With this article, the first stage of my research ends. My conclusions are the following: Greider emancipates himself and others by obliterating the “main” Brenner bloodline; he becomes authority in a village where authority meant restraints and desolation of morals. At the end, he abandons the village like he was never meant to be there. Hell-bent on survival, his ethics are raw (he is a monster, after all); but he is more than a warrior of revenge. The final reveal of the movie was a moment of intimacy that I thoroughly enjoyed – Greider becomes more of a boy than a man for this time. The transition from boy to man and from assuming power to losing power is an intricate subject and I am willing to research thoroughly and look into it.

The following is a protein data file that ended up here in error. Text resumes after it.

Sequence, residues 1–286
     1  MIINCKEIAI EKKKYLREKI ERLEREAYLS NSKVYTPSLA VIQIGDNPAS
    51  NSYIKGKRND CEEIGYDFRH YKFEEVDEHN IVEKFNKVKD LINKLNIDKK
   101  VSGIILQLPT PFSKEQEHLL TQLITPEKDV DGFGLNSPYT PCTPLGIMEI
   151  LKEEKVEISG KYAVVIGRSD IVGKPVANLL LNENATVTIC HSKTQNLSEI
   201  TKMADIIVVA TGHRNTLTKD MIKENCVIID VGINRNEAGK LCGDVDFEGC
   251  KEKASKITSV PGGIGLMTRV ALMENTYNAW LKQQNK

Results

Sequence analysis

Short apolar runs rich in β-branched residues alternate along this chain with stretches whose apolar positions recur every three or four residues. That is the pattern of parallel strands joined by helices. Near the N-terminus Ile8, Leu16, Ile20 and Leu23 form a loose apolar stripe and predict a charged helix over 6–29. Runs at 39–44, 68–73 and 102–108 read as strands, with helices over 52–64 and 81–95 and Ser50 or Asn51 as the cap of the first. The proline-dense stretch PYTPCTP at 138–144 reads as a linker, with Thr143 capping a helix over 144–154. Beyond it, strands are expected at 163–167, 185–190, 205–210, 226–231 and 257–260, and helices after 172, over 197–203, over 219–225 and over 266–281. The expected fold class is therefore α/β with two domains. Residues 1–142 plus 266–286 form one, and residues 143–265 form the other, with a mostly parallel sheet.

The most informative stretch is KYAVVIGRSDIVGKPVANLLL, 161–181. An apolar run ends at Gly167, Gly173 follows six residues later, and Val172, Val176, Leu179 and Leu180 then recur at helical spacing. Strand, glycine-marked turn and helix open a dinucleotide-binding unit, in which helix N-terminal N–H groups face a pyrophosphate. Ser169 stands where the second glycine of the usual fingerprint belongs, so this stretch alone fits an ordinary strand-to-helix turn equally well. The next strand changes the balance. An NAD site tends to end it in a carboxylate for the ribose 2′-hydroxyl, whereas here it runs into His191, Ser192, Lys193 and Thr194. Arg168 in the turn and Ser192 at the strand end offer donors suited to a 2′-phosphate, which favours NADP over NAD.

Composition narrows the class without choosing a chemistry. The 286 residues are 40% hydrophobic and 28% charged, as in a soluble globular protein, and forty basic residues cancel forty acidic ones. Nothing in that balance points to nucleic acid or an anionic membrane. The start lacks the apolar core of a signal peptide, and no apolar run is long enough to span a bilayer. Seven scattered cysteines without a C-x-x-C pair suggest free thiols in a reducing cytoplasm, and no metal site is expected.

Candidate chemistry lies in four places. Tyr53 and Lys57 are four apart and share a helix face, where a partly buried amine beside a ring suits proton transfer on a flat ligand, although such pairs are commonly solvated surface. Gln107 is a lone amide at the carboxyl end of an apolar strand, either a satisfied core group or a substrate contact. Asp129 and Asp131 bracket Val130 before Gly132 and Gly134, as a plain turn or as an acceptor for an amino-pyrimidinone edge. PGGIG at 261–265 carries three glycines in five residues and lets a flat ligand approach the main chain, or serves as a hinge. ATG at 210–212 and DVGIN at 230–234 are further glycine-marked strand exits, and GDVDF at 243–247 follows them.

Therefore, notions such as “rawness”, “authority”, and “abandonment” will be the key points I am going to analyse in other movies too. Emancipation is a power-play and some characters play this game on another level. I’ve already watched Blue Ruin (2013) and The Revenant (2015) – most probably, cinematography will be an additional area of focus from now on. The theme of the loss and disturbance of the father-son relationship, which was observed in The Dark Valley continues to have haunting effect on these protagonists.
I would like to mention my foremost secondary source, which was Jane Tompkins’s work West of Everything. It was of immense value to the proceedings of my research. She proves how sternly and yet how delicately Western heroes are built.
The mini-conference and the Ruttkay contest provided me with an abundance of feedbacks that will help me better my thesis and I make a solemn vow to incorporate as many relevant advice as I can into my work.
So hold on tight, because a new series of articles on Western heroes is peaking its head around the corner. There will be tears, blood, and cruelty, and there may be no sufficient pay-off for all the damage done, but it is always the journey that counts – and these journeys are spectacular.